Date of Award

12-17-2019

Degree Type

Thesis

Degree Name

Master of Arts (MA)

Department

Psychology

First Advisor

Erin Tone

Second Advisor

Vonetta Dotson

Third Advisor

Elizabeth Tighe

Abstract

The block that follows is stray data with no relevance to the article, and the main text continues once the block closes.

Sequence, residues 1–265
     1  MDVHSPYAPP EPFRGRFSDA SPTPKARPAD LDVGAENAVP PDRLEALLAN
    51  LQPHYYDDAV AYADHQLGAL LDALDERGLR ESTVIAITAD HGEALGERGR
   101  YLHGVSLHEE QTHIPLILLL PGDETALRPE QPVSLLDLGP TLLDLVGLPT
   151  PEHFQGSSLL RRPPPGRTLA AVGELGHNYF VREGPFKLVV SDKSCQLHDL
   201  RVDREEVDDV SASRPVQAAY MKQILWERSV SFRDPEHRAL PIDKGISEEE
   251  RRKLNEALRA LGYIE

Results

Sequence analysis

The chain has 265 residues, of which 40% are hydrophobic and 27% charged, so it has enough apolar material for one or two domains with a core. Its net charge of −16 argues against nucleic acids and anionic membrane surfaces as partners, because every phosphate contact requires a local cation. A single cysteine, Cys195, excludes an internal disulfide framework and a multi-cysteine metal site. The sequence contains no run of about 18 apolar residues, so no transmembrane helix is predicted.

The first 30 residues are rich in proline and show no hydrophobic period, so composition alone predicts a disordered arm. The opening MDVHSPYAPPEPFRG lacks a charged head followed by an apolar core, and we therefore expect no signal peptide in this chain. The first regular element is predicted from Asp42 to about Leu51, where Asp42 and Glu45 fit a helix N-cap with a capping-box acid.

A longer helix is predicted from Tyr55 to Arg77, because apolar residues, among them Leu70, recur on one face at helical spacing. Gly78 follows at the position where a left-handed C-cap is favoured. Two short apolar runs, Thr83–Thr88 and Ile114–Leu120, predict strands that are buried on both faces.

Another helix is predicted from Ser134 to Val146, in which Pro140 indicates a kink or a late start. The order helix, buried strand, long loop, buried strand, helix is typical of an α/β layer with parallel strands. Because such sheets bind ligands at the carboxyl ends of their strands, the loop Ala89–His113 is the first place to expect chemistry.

The present study examined associations between self-reported social anxiety (SA) and patterns of pupillary response to emotional faces that provided feedback to college student participants (n = 59) about their performance on a reaction time task. I hypothesized that self-reported SA would predict pupil dilation profile (peak, duration, and latency) in response to feedback stimuli of varying intensities (i.e., low vs. high intensity happy and angry). Results showed no evidence of significant associations between peak and sustained pupil diameter measures and SA; however, at 0.5 seconds post-stimulus onset, SA and pupil diameter were negatively associated, such that smaller pupil diameter was associated with higher levels of SA. This pattern could be consistent with a blunted autonomic response to affective cues; examination of concurrent eye-tracking data would provide a test of this possibility. The present study lays crucial groundwork for future assessments utilizing pupil diameter as a parsimonious tool.

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